Not too long ago, you might've assumed "twerking" was something to see your doctor about. But as a controversial performance at this year's MTV Video Music Awards has made clear, the dance craze is now firmly in the mainstream.
When former Disney star Miley Cyrus dropped some of her twerk moves on stage with Robin Thicke while the two performed his hit single, “Blurred Lines,” it made headlines.
In case you haven't been tuned in, "twerking" is a dance in which the dancer violently shakes her (or his) rear end in the direction of an object of desire. In the case of Billy Ray Cyrus’s daughter, the twerk was directed at Alan Thicke’s son, blurring the lines of what some consider good taste.
As the rhythmic shaking of one’s behind gains popularity with the American public, some are using it as an amusing and creative way to burn calories. After all, many popular dance-based workouts have swept through the country before, including Zumba.
So, it must be asked, can you twerk your way to better, ahem, assets?
Get Your Twerk On
Rey Tabora, a San Francisco-based personal trainer, said yes, yes you can.
He said that any kind of movement is good and that all types of dance, twerking included, are art.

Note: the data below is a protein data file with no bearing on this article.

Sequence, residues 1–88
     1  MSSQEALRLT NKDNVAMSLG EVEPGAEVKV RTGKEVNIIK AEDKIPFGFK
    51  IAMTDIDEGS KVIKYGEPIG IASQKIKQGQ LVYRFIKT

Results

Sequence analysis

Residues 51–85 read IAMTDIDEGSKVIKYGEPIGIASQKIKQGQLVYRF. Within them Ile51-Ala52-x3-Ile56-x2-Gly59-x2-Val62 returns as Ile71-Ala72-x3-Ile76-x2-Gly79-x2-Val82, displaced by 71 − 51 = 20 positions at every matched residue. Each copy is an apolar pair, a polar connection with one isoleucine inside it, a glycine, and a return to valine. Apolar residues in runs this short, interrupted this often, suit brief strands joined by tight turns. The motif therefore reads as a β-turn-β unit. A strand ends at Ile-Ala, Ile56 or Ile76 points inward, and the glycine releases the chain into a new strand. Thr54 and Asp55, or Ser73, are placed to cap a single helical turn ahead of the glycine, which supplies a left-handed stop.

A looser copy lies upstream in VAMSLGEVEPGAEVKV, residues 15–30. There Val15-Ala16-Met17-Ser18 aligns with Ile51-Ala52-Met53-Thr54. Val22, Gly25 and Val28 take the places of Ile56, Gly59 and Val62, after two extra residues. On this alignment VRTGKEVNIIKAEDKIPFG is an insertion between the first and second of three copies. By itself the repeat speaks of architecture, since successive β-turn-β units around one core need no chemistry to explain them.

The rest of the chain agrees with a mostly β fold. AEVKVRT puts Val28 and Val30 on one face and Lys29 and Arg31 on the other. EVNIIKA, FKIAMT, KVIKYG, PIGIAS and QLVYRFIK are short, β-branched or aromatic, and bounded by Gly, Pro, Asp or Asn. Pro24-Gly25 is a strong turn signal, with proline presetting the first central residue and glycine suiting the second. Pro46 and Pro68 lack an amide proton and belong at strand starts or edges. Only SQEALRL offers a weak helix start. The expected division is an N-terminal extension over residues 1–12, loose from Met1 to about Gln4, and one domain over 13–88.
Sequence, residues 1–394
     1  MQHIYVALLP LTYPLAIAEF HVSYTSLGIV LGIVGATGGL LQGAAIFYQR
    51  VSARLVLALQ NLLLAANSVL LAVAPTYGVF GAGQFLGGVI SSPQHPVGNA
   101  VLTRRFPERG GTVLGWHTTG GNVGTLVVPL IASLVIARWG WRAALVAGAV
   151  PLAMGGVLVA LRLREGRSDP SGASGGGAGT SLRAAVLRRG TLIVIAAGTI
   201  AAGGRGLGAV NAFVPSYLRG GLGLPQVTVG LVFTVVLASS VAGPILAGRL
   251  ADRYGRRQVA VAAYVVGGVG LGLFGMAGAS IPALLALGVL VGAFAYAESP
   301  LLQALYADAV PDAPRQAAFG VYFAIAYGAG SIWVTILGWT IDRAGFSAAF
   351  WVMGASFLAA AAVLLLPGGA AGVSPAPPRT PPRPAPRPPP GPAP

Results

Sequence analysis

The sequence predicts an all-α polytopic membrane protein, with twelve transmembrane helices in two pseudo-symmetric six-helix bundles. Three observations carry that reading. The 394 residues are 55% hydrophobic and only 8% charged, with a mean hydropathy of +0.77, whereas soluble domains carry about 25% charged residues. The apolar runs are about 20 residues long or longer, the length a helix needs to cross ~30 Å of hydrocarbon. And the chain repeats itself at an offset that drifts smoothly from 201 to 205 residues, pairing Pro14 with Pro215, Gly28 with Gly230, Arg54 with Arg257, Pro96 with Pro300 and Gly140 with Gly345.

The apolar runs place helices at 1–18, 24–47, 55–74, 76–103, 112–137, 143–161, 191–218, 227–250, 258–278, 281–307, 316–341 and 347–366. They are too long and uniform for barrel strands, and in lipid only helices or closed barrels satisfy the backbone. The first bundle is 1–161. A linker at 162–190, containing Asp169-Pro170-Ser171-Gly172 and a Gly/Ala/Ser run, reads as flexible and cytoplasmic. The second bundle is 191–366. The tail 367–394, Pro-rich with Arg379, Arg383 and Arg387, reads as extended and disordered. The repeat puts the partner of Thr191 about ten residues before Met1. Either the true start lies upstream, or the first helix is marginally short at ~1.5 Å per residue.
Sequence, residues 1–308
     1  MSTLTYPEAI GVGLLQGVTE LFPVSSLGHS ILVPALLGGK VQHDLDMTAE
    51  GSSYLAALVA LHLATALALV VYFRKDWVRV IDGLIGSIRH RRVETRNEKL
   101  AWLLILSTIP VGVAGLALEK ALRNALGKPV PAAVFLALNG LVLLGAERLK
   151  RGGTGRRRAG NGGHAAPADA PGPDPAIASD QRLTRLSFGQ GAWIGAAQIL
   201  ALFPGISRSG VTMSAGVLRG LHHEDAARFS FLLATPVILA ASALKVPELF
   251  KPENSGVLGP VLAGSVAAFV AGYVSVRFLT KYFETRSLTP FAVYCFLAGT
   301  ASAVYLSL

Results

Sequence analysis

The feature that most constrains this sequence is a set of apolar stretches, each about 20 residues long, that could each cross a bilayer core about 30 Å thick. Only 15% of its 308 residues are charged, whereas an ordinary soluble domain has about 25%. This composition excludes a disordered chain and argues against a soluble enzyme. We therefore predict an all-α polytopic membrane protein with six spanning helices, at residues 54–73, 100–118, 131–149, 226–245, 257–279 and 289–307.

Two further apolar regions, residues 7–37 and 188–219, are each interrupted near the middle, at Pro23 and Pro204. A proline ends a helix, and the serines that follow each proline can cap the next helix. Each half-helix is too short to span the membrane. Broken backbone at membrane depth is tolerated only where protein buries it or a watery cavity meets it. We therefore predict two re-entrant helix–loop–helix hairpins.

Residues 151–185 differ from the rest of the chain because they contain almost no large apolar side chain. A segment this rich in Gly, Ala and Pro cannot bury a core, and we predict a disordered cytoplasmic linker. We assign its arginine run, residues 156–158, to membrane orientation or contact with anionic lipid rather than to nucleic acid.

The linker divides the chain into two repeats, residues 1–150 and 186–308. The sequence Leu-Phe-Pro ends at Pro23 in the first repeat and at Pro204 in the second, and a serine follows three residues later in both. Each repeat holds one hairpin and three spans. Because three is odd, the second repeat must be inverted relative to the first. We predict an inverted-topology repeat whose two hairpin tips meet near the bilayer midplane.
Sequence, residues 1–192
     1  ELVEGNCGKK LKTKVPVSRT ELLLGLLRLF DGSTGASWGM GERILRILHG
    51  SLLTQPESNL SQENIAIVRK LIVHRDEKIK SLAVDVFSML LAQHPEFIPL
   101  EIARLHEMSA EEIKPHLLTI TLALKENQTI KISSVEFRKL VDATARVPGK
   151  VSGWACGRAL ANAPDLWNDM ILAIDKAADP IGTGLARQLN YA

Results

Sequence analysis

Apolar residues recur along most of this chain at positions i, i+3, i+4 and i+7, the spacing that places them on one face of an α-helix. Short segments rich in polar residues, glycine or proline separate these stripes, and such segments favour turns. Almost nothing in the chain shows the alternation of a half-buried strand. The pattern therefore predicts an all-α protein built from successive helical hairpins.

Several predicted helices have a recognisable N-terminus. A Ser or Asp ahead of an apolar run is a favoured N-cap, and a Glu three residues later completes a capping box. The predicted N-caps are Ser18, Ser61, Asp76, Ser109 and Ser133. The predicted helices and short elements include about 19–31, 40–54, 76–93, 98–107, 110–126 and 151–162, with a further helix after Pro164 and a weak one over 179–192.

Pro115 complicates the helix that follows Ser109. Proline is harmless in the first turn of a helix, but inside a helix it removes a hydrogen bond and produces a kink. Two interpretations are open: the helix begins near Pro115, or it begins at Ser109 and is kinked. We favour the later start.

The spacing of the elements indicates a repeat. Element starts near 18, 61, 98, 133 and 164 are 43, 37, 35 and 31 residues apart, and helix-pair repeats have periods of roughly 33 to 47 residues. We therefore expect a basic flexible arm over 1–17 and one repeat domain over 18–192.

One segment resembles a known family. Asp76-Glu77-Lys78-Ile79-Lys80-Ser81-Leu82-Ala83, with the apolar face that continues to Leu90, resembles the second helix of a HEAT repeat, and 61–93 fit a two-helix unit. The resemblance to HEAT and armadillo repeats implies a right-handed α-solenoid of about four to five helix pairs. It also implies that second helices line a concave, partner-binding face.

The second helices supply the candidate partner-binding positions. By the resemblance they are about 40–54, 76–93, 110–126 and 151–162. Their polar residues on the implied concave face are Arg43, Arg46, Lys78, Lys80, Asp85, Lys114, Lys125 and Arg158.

“They’re using their legs and butt, and when you do that, you increase your metabolism because your heart beats harder,” Tabora said. “If it gets you moving, all the better.”
Caley Bohn, a certified personal trainer and assistant director of a corporate wellness company in Wisconsin, said twerking engages a person’s core, hamstrings, lower back, and, of course, glutes.
Using guidelines from the American College of Sports Medicine, Bohn estimated that "vigorous dancing" burns about eight calories a minute, but twerking burns between five and eight calories per minute for a 150-pound individual.
“Dancing burns calories, but you have to do it regularly to see results,” she said.
So constantly twerking for an hour, should you choose to do so, will burn somewhere between 300 and 480 calories in an hour, about the same as 60 minutes of power yoga or an hour of moderate jogging.
There are, of course, safety concerns for those new to the ways of the twerk. Bohn suggests that anyone a bit out of shape consult their physician before starting any physical fitness regimen, especially one that involves a strain on the lower back.
After all, you don't want to explain to your boss that you threw your back out twerking.
The Roots of Twerking
Twerking is essentially a modern version of an African dance called mapouka, or “dance of the behind.” It, too, involves the rhythmic shaking of the rump while facing away from the audience, but the traditional way is considered much less obscene than the modern variety.
One of the first pop-musical calls to twerk on the dance floor was 1993’s “Do The Jubilee All,” by New Orleans–based hip-hop artist DJ Jubilee. Twerking has recently become so popular that people are uploading YouTube videos of their pets and even babies doing it.
As a dance trend, it's sure to be short-lived. Remember how cool you were doing the Macarena or the Cupid Shuffle until you saw you grandma doing it?
But while it's in, go ahead, shake it like you mean it.